Cloud adoption is increasing across companies in various industries, however the legal sector are slow adopters. Whilst firms are required to keep all client data in the strictest confidentiality, this is not a boundary to Cloud adoption and there are many other strong reasons for the legal sector to begin to adopt Cloud and no longer shy away.
Some of the hesitation for Cloud adoption could be down to a misunderstanding of Cloud computing as a whole and the difference between public, private and hybrid Cloud. Stories hitting the headlines about Cloud hacking scandals do little to quell the resistance, but once legal firms look in to the options and find out more about Cloud as a whole it is clear that making the transition could actually assist them in many ways.
Every cloud has a silver lining
Whilst public Cloud would not be the right choice for law firms to hold their confidential data and documents, implementing either private or hybrid Cloud could assist the legal industry in more ways than they realise. A private Cloud, based on the clean side of your firewall, means that data does not transcend the public internet – therefore all privacy and security issues are resolved.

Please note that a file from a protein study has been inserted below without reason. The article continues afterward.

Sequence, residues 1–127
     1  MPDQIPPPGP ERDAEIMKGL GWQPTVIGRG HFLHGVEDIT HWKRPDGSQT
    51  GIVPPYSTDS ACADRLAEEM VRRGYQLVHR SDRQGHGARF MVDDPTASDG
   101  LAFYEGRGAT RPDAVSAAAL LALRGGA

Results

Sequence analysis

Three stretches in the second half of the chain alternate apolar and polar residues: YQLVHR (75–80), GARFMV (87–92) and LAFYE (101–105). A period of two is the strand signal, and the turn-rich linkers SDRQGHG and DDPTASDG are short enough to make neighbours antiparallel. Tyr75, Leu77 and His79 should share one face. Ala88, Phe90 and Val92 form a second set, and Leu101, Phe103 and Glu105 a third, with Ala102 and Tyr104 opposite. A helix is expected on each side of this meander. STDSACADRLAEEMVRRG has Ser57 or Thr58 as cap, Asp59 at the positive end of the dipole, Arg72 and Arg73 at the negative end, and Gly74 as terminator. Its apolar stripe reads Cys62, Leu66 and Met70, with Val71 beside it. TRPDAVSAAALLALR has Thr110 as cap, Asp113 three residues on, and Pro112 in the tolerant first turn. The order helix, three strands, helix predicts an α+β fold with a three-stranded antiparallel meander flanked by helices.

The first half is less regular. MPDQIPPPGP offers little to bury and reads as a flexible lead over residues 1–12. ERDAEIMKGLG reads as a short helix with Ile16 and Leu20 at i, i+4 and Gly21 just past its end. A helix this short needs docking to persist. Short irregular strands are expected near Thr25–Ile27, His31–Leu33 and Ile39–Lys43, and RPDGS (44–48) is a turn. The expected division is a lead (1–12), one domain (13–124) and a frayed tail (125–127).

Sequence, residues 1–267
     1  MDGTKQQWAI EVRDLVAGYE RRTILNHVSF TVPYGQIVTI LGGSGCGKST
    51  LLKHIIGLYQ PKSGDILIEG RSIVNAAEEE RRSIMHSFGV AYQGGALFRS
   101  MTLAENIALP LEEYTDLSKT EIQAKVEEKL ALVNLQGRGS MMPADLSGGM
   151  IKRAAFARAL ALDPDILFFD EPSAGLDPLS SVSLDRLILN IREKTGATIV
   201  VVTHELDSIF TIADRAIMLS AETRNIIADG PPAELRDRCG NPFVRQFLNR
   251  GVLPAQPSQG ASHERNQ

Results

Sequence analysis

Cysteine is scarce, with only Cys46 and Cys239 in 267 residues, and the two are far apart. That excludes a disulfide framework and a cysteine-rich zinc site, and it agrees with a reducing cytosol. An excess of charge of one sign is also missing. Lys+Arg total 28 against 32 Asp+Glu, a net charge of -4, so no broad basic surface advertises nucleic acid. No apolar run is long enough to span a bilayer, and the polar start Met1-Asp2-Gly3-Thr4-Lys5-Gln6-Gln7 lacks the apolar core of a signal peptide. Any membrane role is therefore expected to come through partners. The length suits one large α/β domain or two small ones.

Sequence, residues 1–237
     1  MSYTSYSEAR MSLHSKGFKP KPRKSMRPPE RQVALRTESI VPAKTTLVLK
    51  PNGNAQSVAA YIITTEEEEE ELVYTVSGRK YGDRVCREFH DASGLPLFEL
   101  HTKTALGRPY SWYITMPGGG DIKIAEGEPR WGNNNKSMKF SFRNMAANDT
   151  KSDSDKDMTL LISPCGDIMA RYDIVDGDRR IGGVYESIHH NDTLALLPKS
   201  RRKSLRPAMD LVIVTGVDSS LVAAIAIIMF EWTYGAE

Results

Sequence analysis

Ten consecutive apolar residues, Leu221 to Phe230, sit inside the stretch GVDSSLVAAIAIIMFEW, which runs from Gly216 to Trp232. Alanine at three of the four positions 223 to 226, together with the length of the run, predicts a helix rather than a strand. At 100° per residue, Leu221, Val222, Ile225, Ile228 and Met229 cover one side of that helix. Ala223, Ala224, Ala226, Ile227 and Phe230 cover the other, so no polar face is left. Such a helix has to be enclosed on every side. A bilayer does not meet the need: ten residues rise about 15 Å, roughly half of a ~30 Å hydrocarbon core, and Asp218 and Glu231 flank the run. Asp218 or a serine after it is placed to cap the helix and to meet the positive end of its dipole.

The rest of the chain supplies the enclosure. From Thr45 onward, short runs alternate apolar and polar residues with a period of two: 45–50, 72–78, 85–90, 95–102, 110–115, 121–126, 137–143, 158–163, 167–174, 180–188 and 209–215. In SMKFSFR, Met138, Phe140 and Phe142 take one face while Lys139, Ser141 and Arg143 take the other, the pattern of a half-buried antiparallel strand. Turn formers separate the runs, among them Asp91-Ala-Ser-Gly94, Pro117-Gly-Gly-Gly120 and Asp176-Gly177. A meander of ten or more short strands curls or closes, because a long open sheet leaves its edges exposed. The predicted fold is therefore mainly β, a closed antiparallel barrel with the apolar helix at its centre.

Moving across to the Cloud can create many benefits for law firms too. Costs can be driven down and budgets controlled by choosing this solution; the need to purchase new hardware will lessen and there are also tax benefits to using Cloud too, as we detail in our CAPEX to OPEX guide.
The Law Society have recently published practice notes on cloud computing, providing clarity for law firms on the matter and clearly showing support of the transition across to Cloud too.
Moving with the times
Enabling Cloud within a legal practice will also allow the firm to expand and make use of additional technology that is available to the industry today. With solutions like Unified Communications and the popularity of BYOD policies; enabling a Cloud solution could in fact increase productivity of staff and Partners.
Unified Communications and DaaS in particular could allow Partners to work whilst they are on the go, at other offices or out of the country. They would be able to work from anywhere across the world and still have full access to their documents and contacts, with the performance of the solution mirroring that of if they were sat at their desk in the office.
Whilst in many senses the legal sector will always remain detached from those companies at the cutting edge of technology, there is no reason why they cannot work towards adoption of the latest products and services – all whilst benefiting internally from the change.